Be Strong Be Strong and May We Be Strengthened.
From two different recent sources I was inspired today to write this piece.
One source was a most difficult negotiation in a recent mediation which finally settled; the other was a Facebook post from my cousin the rabbi.
The last first:
My cousin is a person I admire greatly. Like me he started out as a practicing attorney and was inspired to leave law practice, for himself and for the greater good. He is a peacemaker too, and a compassionate helper of other people, however he chose a different path than I did. He left law practice for the rabbinate. He is the spiritual leader of a congregation, which is the perfect role for him. He is learned, wise, sensitive, smart, reflective, empathetic, respectful of other people’s involvement in their faiths and traditions, and very conscious of the blessings of life even in difficult circumstances.
(In other words, I like him a lot and think he’s terrific.)
My cousin recently made a transition from one congregation to another, moving from one state to another and from one community of friends, colleagues, congregants and acquaintances to another.
He wrote a post on Facebook about his recent installation as the new rabbi of his synagogue and in it I recognized his reference to an important tradition in Jewish religious life.
This is the tradition:
At the end of each of the five books of the Torah, in the transition before starting the next book, we say, “Chazak, chazak, v’nitchazek” translated variously as “Be strong, be strong, and may we be strengthened [or, let us summon our strength, or, may we strengthen one another]!”
See, http://www.chabad.org/holidays/JewishNewYear/template_cdo/aid/4526/jewish/Holiday-Customs.htm ; http://www.thejewishcenter.org/The-Jewish-Center-Blog/May-2013/Chazak,-Chazak-v-Nitchazek.aspx ; http://chai.urj.org/dictionary/level3/ .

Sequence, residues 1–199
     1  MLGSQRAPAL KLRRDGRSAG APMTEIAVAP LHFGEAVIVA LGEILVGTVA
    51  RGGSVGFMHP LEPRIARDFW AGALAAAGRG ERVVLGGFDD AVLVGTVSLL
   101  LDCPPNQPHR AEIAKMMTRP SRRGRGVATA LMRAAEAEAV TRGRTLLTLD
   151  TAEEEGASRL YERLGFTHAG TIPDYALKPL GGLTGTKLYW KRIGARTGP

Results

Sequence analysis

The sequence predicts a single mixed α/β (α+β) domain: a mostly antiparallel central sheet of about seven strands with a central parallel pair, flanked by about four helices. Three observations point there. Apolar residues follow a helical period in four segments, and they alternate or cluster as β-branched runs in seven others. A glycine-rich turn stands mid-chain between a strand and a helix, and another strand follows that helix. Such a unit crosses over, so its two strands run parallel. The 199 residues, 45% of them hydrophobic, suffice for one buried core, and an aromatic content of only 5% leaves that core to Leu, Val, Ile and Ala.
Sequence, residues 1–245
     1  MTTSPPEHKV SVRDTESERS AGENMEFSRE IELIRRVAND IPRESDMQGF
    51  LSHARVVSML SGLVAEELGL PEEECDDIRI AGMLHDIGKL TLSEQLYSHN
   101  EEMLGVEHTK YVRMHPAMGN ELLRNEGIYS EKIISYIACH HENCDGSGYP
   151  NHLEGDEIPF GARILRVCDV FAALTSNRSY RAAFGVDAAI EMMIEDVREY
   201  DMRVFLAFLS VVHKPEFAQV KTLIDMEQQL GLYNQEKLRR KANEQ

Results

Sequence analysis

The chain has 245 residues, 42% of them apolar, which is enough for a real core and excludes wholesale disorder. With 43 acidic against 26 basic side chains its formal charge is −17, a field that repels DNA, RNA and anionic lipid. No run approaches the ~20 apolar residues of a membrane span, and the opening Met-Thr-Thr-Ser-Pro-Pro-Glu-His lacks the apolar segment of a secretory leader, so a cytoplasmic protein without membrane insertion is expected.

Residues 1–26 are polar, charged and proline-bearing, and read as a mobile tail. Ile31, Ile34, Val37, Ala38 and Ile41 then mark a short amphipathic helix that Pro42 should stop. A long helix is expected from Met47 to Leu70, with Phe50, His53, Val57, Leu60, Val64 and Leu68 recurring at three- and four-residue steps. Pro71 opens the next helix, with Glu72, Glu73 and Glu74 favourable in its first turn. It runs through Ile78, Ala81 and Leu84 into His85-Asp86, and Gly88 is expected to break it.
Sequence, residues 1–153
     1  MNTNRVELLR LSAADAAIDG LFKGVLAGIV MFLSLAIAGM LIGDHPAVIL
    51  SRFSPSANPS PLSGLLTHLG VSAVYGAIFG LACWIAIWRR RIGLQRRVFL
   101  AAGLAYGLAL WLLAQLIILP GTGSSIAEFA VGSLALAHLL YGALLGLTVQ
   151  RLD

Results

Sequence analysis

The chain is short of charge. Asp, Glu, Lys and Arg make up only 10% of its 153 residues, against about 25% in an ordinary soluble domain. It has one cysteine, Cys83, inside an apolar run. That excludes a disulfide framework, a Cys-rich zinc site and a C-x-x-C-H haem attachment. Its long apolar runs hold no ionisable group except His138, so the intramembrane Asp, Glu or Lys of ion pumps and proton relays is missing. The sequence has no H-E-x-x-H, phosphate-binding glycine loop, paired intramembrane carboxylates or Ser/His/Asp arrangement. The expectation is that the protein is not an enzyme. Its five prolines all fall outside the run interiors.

So too, in my cousin’s transition from one chapter in his life to another, I thought it appropriate to write in response to his post, “Chazak, chazak, v’nitchazek,” and did so.
That’s when I also thought of a recent, very difficult negotiation in a recent mediation which ultimately settled, and that’s when I decided to write this piece.
In that mediation, as the day wore on, and as the parties wore out – mediation is very difficult and exhausting – the participants on both sides (as they each gave up more and more ground to try to get to peace) increasingly resisted further compromise and sometimes recoiled and retreated because of second thoughts about whether they were doing the right thing.
I found my self saying to them, “Whoa, don’t talk yourself out of settling; you need to keep going to achieve your goal here.”
I perceive now that I was really saying, “Be strong, be strong, and [both sides] will strengthen one another” to reach a durable settlement that everyone can live with.
For I believe that the necessary compromises of mediation, especially the most difficult concessions at the end, do show personal strength and not weakness in making the transition from the vigorous investment in the dispute to the acceptance of enduring peace.
Chazak, chazak, v’nitchazek.
David I. Karp is a full time mediator of real estate and business disputes in Southern California. For further information, go to http://karpmediation.com .